Imphal: Researchers have reportedly lost contact with ‘Tamenglong’, one of the two Amur falcons that were satellite-tagged and later set free from Chiuluan village in Manipur's Tamenglong district on November 5 last year, after reaching Zambia in southern Africa.
The Amur falcon had not transmitted any signal after December 14; the last location of the bird was found to be the North Luangwa National Park of Zambia in southern Africa.
WII scientist R Suresh Kumar, who has been heading the study, has said that the failure in receiving signals could be because of some technical issues. It does not necessarily mean that the bird has lost its life, he added.
Weighing on average of 160 grams, Amur falcons are long-distance migratory birds and arrive in the Northeast, mainly in Manipur and Nagaland, on their south-bound migration around October from their breeding grounds in northern China, eastern Mongolia and far-east Russia en-route to their wintering grounds in South Africa. The one-way journey from their breeding to wintering grounds via India is about 20,000 km and they do this twice a year.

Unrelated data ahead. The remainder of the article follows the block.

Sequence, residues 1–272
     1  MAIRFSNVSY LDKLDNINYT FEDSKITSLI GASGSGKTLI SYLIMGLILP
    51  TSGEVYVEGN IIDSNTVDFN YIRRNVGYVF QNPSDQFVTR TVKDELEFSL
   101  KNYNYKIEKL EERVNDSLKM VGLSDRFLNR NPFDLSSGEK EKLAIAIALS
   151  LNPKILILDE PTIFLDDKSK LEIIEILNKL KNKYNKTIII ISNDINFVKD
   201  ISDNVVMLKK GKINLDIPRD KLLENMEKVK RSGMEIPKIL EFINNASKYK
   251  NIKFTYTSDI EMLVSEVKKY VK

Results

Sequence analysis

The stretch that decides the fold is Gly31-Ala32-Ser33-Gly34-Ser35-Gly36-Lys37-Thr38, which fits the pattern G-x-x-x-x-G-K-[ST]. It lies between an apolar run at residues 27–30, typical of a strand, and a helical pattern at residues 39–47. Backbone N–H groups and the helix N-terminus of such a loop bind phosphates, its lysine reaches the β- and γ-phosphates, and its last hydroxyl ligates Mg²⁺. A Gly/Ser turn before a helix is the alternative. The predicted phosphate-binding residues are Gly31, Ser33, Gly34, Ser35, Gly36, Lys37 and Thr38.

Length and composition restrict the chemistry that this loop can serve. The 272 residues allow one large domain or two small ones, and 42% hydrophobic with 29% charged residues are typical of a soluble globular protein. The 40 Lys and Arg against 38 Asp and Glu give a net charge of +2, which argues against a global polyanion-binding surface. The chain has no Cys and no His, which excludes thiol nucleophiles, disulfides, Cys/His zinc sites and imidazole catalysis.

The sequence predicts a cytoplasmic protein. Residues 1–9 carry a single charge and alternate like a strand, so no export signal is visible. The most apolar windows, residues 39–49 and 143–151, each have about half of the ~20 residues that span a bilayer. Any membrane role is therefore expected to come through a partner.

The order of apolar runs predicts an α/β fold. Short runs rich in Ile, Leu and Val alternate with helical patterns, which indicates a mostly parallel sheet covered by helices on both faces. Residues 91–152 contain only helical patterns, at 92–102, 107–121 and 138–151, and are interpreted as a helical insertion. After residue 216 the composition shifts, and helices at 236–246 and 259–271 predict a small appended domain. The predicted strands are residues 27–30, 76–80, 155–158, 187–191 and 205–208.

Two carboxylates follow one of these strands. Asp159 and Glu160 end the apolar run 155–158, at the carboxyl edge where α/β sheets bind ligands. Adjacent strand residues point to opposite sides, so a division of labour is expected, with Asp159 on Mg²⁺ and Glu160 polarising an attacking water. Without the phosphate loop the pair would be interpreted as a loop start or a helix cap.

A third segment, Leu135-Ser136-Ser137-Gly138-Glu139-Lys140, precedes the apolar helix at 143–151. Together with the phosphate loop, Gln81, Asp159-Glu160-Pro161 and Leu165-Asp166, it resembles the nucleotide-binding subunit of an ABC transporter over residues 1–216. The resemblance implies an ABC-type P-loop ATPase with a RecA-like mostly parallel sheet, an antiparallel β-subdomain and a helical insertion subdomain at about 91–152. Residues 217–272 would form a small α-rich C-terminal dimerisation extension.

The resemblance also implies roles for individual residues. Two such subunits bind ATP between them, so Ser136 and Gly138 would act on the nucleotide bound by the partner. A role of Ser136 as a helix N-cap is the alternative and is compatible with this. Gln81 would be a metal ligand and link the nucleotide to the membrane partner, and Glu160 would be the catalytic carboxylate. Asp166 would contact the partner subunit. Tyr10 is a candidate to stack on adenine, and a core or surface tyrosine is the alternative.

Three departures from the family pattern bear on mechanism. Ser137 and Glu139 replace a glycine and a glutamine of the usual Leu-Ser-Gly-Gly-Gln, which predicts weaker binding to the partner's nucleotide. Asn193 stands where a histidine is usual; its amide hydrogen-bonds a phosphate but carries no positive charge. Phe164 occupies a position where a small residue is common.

On November 4, a team of officials led by Kumar of WII, the state forest department under DFO Arun RS and biologists from Hungary captured five Amur falcons using canopy mist-nets at a community forest area of Chiuluan village along the Barak River in Tamenglong district.
Following assessment for body and feather condition, two fittest birds out of five were attached with GPS satellite tags and released in the morning of November 5. While the male bird was named 'Manipur', the female one was called 'Tamenglong'. The satellite tagging of the two birds were informed to the villagers of Tamenglong on the day of the ‘4th Amur Falcon Dance Festival’ held in the district around that time.